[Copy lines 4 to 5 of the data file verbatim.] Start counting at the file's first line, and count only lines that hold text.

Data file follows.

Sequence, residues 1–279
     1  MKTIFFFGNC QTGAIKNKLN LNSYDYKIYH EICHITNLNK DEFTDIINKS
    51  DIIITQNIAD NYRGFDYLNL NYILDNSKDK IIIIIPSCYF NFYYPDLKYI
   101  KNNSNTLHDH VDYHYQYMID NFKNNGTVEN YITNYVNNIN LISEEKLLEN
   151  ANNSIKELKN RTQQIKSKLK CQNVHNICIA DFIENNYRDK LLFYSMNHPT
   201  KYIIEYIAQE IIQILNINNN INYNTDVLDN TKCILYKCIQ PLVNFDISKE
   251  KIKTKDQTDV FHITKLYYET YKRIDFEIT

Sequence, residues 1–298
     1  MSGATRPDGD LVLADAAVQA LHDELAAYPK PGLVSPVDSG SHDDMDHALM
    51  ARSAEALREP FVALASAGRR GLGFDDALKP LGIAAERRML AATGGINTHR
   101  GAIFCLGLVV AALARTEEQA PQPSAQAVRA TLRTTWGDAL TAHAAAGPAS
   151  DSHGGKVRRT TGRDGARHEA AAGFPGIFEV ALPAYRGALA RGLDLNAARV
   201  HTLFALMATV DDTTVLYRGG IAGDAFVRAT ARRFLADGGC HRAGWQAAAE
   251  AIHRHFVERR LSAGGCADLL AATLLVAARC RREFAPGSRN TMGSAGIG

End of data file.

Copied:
   101  KNNSNTLHDH VDYHYQYMID NFKNNGTVEN YITNYVNNIN LISEEKLLEN
   151  ANNSIKELKN RTQQIKSKLK CQNVHNICIA DFIENNYRDK LLFYSMNHPT